This time of the year can be very difficult for millions of Americans around the country, as the holidays can often provide more of an opportunity for depression and anxiety than other months. What is usually meant to be a time of peace, happiness, joy and being together with friends and family, can often fall prey to bouts of the “Holiday Blues”, which is often described as a type of sadness experienced during the holidays. One generally experiences periods of sadness and depression, although Seasonal Affective Disorder, or “S.A.D.”, is often more related to seasonal depression as the months change from warm to cold.
So in short, the holiday blues are a type of sadness and overall depressed feeling despite everything enjoyable that is happening around the holidays. Different individuals may have completely different experiences from each other in terms of their family life, outside influences and factors that may exacerbate these conditions. This is especially true for children, who can be very aware of their surroundings and easily pick up different moods and situations that are happening. So if you want to help avoid the holiday blues for both you and your children, consider some of the following tips.
- One of the most important things you can do is to avoid stress and stressful situations; however, it is not always easy to just simply “avoid” it. It often can be accomplished by planning ahead and making sure that everything you need is accounted for ahead of time. Stress is often caused by not having enough time to accomplish a task, or the task or situation itself being difficult to accomplish. Allowing for time can usually remedy many of these situations.
- Talk to both yourself and your children about the positive things you have to be thankful for. It can become easy to start going down a rabbit trail of negativity when these feelings strike, but there are always some things in our lives that we can practice being grateful for, and that in turn can be an instant mood-lifter!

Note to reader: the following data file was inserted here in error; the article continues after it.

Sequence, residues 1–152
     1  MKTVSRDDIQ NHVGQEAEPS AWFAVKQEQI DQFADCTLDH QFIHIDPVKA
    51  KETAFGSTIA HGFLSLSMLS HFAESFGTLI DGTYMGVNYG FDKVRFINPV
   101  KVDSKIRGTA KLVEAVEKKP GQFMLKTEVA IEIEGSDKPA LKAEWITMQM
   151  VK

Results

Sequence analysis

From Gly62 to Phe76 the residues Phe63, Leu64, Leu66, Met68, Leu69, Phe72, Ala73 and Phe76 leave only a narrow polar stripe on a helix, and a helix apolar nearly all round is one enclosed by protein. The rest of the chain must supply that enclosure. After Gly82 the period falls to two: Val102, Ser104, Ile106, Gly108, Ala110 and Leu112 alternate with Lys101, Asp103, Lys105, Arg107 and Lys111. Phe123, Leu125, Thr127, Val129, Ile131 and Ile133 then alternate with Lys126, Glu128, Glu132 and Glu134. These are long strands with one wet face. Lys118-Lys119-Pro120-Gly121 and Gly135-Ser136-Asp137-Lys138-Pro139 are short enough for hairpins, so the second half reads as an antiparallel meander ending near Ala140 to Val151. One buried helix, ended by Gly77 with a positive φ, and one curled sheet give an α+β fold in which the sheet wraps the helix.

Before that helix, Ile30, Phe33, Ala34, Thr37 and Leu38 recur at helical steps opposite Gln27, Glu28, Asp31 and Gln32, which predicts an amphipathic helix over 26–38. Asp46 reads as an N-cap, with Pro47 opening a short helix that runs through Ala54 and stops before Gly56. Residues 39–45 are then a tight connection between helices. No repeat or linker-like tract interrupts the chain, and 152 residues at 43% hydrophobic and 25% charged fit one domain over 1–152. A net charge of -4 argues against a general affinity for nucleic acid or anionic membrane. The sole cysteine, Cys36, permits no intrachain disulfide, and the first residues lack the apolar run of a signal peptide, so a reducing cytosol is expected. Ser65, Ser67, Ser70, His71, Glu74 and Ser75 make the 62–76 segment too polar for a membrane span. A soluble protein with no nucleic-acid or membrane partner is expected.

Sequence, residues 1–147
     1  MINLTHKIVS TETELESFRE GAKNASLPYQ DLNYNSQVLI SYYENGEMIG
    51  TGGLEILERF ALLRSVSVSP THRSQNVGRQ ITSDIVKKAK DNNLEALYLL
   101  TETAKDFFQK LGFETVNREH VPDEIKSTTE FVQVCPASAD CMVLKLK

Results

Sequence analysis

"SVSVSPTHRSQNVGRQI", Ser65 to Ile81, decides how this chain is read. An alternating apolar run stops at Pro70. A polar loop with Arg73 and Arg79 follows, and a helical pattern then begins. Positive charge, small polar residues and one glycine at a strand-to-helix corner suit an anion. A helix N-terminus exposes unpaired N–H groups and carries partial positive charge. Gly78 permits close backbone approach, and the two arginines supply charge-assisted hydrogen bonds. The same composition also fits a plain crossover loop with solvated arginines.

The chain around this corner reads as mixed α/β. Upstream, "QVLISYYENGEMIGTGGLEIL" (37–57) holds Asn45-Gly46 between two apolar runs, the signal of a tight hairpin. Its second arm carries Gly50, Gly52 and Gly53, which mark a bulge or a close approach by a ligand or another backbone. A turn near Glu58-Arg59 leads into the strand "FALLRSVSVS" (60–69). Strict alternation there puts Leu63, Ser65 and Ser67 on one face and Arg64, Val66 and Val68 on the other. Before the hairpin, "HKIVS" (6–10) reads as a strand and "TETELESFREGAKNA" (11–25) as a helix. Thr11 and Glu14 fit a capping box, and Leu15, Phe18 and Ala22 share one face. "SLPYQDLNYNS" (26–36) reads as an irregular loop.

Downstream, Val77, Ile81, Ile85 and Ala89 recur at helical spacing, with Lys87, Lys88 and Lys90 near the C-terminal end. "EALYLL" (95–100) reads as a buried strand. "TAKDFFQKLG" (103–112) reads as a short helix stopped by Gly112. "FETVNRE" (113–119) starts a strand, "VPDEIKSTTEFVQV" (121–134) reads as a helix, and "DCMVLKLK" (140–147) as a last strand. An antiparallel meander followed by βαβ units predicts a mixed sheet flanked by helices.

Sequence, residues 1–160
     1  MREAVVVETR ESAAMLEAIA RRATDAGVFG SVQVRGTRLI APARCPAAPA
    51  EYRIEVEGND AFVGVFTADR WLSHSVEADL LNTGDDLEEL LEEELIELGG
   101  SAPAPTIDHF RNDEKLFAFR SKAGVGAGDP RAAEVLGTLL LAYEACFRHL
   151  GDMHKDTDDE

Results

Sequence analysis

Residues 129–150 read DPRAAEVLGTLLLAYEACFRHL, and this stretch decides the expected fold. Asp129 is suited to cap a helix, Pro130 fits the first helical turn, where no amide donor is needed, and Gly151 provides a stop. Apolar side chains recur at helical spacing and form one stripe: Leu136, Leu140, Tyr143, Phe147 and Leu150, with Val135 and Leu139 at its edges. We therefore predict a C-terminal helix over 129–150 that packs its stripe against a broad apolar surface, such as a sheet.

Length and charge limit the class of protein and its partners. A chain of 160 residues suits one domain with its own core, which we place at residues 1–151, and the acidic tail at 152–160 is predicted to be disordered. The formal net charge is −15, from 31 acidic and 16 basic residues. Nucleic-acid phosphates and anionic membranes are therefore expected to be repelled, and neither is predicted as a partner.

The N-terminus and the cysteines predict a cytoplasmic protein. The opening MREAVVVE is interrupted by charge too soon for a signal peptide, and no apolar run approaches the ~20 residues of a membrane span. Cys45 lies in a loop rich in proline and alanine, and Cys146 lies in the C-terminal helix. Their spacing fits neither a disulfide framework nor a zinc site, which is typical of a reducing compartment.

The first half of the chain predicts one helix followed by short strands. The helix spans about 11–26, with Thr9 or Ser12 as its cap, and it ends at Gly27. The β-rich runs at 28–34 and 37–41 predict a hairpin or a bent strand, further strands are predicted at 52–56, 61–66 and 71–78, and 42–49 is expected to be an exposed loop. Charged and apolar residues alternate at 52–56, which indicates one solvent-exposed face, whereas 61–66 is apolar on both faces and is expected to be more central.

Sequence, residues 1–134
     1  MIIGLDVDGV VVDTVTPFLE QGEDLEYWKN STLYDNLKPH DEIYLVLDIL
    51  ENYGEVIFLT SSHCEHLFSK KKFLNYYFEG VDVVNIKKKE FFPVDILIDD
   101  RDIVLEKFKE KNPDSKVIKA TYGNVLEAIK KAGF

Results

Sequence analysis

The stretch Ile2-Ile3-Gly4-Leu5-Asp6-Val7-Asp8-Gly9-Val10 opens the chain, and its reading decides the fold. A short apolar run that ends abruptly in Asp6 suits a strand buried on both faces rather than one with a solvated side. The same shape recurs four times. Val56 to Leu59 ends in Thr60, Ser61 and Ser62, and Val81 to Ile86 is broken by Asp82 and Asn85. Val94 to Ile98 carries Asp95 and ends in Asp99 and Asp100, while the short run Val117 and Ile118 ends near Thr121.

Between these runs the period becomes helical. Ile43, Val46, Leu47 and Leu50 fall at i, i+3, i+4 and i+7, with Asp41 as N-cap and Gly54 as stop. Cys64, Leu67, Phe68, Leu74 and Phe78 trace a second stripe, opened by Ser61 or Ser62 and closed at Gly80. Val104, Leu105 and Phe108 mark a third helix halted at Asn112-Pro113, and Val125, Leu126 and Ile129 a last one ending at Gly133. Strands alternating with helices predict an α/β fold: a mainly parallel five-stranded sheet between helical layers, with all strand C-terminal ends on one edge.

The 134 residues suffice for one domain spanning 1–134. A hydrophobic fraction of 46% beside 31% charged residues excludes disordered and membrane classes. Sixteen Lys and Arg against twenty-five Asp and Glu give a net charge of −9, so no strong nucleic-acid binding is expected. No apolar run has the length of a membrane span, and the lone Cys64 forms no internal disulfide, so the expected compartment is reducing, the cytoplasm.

- Try to avoid super-sugary foods or at least extensive unhealthy eating for both you and your family when you can. Avoiding overindulgence of alcohol for yourself is also recommended, as it is a depressant. Drinking and eating in moderation can sometimes be difficult to do this time of year when you factor in all of the parties and get-togethers, but finding a balance will be in your best interest.
- Make memories for your children, but remember that not every year will be the same. Sometimes people make the mistake of trying to perfectly recreate something that happened last year, or the year before. This can sometimes lead to disappointment; instead, focus on creating new memories each year that may be different, but just as exciting and important to your kids.
- The loss of a family member, pet or friend can be especially hard for children and families during the holidays. Set aside time for them to grieve, but also make sure to talk to them about the positive memories, funny stories and overall positive feelings and emotions to balance the loss as well.
Not every family will face the same hardships during the holidays, but following some of these constructive tips for avoiding the holiday blues can truly help.